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Brains Behind the Wall

Oct 1, 2008 12:00 PM, By Jay Ankeney

Designer David Niles explains the design and development of Comcast Center’s gigantic LED display.


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The 83’x25’, 10-megapixel videowall in Philadelphia’s Comcast Center features a series of photorealistic images playing on 6,771 Barco NX-4 4mm LED modules.

The 83’x25’, 10-megapixel videowall in Philadelphia’s Comcast Center features a series of photorealistic images playing on 6,771 Barco NX-4 4mm LED modules.

If you listen carefully, you can almost hear the videowall in the lobby of Philadelphia's Comcast Center thinking.

For 18 hours a day, the giant 83ft.-wide-by-25ft.-high, 10-megapixel display provides the approximately 10,000 people who walk daily through the seven-story glass atrium with an unending — yet endlessly varied — parade of stunningly photorealistic images generated by a content-creation system with a complexity that approaches artificial intelligence.

The videowall is composed of 6,771 Barco NX-4 4mm LED modules in a seamlessly flat 800-tile installation that is draped over three cutouts accommodating the lobby's elevator banks. The fundamental genius of the videowall's design is that the display surface itself is intended not to be seen at all. Its creator, high-definition technology pioneer David Niles, has given the background on the LED array the exact same look as the 9'×10' maple wood panels adorning the surrounding walls. That way, images generated on the videowall's screen can appear to be floating in front of the wall itself.

In an era that sees corporate logos splashed over everything from sports stadiums to concert halls, it's refreshing to note that the videowall lobby installation was conceived by Comcast's chairman and CEO, Brian Roberts, as a gift to the people of Philadelphia.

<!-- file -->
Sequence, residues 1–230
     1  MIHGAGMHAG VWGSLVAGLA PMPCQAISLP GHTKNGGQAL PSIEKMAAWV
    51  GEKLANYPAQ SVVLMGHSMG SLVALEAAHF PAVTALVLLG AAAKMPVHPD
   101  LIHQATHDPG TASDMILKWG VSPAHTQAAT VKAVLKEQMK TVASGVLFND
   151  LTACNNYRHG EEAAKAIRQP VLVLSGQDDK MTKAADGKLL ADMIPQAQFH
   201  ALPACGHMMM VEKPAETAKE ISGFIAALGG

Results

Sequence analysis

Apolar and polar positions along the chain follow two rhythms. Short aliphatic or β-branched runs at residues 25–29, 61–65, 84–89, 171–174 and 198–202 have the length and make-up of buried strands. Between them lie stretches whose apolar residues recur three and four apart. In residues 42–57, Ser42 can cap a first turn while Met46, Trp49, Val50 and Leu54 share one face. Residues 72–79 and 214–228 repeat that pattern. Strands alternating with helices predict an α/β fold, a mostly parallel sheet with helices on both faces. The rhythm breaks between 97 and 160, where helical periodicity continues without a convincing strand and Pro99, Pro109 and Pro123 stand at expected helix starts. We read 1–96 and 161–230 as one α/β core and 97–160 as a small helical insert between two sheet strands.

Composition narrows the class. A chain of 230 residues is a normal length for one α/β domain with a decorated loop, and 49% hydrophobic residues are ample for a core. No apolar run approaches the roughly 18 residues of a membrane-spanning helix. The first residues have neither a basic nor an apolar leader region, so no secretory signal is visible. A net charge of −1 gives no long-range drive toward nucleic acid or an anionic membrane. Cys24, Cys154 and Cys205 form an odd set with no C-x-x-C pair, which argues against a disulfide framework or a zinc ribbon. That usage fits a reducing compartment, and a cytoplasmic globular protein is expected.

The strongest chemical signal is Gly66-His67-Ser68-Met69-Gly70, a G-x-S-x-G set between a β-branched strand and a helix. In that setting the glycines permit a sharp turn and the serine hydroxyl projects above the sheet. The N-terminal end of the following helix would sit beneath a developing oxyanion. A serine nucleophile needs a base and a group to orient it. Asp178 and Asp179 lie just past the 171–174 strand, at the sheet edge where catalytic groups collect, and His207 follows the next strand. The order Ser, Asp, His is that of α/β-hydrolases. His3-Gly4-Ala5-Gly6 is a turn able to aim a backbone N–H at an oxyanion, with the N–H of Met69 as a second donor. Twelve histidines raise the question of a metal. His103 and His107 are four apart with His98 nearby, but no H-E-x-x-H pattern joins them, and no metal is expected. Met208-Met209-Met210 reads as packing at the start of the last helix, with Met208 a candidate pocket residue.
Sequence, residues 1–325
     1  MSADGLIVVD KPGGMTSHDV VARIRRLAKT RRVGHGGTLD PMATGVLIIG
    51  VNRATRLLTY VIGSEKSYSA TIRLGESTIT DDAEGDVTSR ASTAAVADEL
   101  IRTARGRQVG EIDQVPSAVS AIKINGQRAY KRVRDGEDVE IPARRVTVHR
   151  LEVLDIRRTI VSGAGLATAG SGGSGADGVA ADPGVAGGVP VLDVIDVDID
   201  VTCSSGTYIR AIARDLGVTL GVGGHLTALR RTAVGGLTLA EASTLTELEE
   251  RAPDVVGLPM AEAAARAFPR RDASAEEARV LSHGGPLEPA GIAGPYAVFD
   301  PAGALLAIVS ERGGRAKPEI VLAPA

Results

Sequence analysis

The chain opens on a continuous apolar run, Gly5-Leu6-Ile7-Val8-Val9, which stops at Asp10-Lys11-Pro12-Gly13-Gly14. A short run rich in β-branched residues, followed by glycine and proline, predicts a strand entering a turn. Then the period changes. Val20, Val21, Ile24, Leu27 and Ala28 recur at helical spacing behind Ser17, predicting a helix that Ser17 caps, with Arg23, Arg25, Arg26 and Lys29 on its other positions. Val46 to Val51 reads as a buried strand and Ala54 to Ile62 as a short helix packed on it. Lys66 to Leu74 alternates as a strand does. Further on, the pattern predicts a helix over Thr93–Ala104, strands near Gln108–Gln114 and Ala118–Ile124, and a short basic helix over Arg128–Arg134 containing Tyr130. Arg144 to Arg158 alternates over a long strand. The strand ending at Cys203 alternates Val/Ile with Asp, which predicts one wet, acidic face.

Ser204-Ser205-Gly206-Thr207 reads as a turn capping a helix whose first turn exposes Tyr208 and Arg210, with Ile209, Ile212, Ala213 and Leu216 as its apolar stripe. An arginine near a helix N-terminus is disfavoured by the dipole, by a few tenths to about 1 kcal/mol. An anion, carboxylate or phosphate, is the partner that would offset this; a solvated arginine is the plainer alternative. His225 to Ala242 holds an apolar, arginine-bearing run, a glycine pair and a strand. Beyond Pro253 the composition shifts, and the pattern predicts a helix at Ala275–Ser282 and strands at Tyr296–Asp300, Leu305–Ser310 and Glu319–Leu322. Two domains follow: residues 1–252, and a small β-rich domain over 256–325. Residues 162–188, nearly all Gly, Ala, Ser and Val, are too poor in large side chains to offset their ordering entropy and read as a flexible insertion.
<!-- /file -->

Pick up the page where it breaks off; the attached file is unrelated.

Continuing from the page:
To bring it to life, Roberts and the owner of the building, Liberty Property Trust, turned to Niles because of his proven history of being able to work magic with HD display technology that no one else has even attempted. After all, Niles established the first modern HD production studio in 1985 in Paris. After moving to Manhattan, he later employed HD acquisition and post to create music projects for the likes of Tony Bennett, Mick Jagger, and Aerosmith. Niles has also produced highly acclaimed HDTV installations at such places as Macy's Herald Square and Madison Square Garden in New York. He has used his HD wizardry on numerous TV entertainment and commercial productions, and he has been awarded the Chevalier des Arts et Lettres from the French Minister of Culture and an Emmy nomination from the Academy of Television Arts & Sciences.

Comcast and Liberty Property Trust came to the Niles Creative Group asking its founder to conjure up a lobby experience that would provide a magical environment capable of inspiring and informing passers-by with a longevity that would extend its appeal well into the future.

PLANNING AND IMPLEMENTATION

The criteria Niles set for himself were daunting.

“First, I wanted the wall to be photorealistic so the viewing experience would approach reality,” he says. “Second, since the atrium is open to the skylight, the display had to be able to stand up to daylight. Therefore, a projection system was out. And third, we needed to find a technology for the content-creation system behind the wall that could be almost maintenance-free by operating mostly on its own.”

In 2005, Niles installed a large LED display as the backdrop for stage productions at Radio City Music Hall, so in February 2007, he invited several major manufacturers to conduct a side-by-side LED screen shootout. Each system had advantages and disadvantages, but by March 2007, Barco's NX-4 4mm LED modules were picked.

The wall was to be suspended from a massive, steel box header beam bolted to the underpanels of the floor above, with tie-backs from the rear of the wall to the building's concrete core to stablize the wall vertically. Other than those tie-backs, the wall is completely independent from the rest of the building to so it can freely expand and contract with changing temperatures. The header beam went up in October 2007, and Barco started hanging the tiles in March 2008, completing that phase by early May. During the whole installation process, the wall was hidden from public view behind a paper curtain.

“It was a pretty extensive evaluation process,” says Steve Scorse, vice president of events at Barco. “With no rear access, everything had to be serviced from the front of the wall. Nobody had ever hung a videowall this size before, and we were scaling the project up from a 100-tile demonstration to a custom 800-tile installation with a hidden support structure that has to hold up to 28,000lbs. of LED modules. Fortunately, Barco's depth of engineering experience was extensive enough to handle the challenge.”



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